00:59:48Edit So, and the connection between sleep and mental health. Um, and it's all about that. I need all of that look, give me I need all the mental health I needed to give me the tablet. Yeah, Well that's a really cool like inside and I guess like what you're building, having that impact is something that like gets you out of bed in the morning gives you like the drive to and I think that is part of it too. And the other part is with people that I love. Like I think a really great quote is if you want to go fast, go alone, but if you want to go far go together. So I really love that as well. So I think it's just for me it's about solving big problems, getting to like do the fun stuff that I love every day, like come up with like lots of fun ideas and work with like amazing people that I am get excited to go into the office every day to see your inspired by them and like what the exact what they're doing in their own right kind of thing, totally. That's really nice. Um Okay, so question number two um as per the format is what's the thing that made your business pop And so obviously you have multiple businesses or you can choose wherever you want to go with that one.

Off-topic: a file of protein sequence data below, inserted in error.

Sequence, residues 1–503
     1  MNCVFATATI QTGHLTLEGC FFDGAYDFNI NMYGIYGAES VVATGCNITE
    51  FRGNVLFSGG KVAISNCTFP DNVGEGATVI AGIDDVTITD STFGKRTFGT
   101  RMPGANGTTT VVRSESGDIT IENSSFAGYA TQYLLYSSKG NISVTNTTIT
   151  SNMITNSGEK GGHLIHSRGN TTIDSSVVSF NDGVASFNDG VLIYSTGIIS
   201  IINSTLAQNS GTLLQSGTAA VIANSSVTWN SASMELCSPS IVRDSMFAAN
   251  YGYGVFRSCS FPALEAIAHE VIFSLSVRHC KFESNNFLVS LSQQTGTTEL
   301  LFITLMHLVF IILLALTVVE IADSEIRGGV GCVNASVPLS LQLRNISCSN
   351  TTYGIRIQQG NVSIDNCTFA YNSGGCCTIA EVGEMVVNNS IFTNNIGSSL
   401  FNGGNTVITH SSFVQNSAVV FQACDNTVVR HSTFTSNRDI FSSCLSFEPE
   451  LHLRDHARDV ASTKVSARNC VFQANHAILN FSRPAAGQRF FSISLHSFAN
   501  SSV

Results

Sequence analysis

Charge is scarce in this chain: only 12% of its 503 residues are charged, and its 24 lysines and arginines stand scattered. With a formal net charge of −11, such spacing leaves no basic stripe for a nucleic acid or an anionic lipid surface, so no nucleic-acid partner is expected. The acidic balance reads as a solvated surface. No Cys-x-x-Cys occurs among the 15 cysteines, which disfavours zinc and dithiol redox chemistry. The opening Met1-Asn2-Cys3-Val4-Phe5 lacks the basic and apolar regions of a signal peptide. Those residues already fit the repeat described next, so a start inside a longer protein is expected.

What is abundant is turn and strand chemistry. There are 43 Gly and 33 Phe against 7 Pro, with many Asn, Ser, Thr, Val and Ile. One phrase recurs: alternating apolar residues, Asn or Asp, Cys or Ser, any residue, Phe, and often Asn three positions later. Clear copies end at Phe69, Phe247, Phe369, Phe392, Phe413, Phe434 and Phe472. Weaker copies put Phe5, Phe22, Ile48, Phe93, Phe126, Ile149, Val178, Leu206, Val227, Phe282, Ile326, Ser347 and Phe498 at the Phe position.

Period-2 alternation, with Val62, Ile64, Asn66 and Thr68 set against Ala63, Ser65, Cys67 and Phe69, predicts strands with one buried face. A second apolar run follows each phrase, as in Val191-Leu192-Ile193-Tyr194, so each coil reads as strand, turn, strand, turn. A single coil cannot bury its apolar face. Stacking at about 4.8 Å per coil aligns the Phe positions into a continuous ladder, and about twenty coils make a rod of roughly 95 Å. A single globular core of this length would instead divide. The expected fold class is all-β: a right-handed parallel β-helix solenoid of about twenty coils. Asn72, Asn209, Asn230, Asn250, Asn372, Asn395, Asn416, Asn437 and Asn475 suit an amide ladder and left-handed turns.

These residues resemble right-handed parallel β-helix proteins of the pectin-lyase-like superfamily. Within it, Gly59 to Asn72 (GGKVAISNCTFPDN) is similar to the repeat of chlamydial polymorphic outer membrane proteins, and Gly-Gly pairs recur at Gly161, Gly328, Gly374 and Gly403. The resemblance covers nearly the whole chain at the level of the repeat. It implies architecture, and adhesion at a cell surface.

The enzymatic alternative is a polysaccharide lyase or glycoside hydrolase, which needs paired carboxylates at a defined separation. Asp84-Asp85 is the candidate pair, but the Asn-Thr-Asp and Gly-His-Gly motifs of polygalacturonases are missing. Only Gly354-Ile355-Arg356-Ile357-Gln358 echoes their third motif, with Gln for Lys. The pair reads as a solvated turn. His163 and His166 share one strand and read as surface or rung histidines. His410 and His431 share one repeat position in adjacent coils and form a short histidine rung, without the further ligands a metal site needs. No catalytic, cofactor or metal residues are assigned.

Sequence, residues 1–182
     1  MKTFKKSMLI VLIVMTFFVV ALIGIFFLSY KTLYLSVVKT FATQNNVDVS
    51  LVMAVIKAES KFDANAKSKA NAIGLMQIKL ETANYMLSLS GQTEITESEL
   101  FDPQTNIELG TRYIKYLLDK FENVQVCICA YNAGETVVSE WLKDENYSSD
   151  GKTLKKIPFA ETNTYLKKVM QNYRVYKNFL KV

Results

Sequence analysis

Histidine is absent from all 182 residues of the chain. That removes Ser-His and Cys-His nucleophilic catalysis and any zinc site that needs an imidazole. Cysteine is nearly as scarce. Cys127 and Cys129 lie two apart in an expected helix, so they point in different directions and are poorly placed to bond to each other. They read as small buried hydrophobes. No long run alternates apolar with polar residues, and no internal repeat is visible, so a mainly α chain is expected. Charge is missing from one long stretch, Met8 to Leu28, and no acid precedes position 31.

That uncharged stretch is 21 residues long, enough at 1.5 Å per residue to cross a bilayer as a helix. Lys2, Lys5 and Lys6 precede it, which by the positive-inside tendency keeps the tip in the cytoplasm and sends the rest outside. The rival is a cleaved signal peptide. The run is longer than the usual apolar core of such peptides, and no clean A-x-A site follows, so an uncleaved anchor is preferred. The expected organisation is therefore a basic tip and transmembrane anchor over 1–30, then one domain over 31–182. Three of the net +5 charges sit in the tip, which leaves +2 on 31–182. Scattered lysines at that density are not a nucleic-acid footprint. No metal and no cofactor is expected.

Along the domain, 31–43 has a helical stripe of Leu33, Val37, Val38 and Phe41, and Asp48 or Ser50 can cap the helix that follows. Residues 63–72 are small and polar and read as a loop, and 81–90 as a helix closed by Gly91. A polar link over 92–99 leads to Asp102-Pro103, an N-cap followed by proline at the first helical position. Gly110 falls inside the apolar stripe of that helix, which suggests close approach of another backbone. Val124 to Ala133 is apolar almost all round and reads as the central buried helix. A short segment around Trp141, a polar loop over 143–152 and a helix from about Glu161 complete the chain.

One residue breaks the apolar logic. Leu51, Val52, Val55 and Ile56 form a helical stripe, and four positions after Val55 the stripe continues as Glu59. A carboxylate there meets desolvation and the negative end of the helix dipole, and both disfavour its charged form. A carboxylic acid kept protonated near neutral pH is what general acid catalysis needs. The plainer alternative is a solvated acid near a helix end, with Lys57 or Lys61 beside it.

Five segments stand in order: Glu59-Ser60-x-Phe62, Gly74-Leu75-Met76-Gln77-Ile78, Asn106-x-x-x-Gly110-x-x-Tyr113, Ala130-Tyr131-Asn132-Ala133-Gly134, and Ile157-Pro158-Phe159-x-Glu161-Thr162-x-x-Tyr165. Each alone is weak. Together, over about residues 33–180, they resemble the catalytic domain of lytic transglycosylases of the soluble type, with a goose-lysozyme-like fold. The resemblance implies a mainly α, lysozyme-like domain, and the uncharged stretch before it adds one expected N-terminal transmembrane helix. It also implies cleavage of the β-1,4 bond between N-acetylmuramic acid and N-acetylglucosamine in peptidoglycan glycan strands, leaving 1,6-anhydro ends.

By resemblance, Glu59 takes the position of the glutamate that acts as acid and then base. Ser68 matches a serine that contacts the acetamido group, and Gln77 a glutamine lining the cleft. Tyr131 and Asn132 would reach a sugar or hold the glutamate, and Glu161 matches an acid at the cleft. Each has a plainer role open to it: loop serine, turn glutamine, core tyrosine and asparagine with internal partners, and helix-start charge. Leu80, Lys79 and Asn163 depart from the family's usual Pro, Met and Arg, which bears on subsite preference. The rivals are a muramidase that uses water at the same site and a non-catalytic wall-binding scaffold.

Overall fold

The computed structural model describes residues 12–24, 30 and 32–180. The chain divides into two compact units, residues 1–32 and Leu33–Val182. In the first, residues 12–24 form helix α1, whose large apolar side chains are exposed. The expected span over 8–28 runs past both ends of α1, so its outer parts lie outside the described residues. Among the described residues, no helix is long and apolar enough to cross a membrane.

01:01:00Edit and yeah, what was the main thing, I think collaboration has always been the central key with my business is I think like you could say social media but behind the social media again, like behind instagram, the way that we've always grown on instagram has been through collaboration. So leveraging that someone's pre existing audience to build your own. So whether that's how we spoke about in the podcast with leveraging that to build your email list or it could be you know via instagram influences to build your instant following or it could be collaborating with another brand on instagram that's like not a competitive brand but more a collaborative brand because basically that is your growth lever in business. So that is the number one way to kind of mutually engaged with each other to unlock like free opportunities. Business head inbounds versus like small kind of increments. Exactly and there was a pretty big collaboration that you were telling me about earlier that you had um with drop bottle talk about.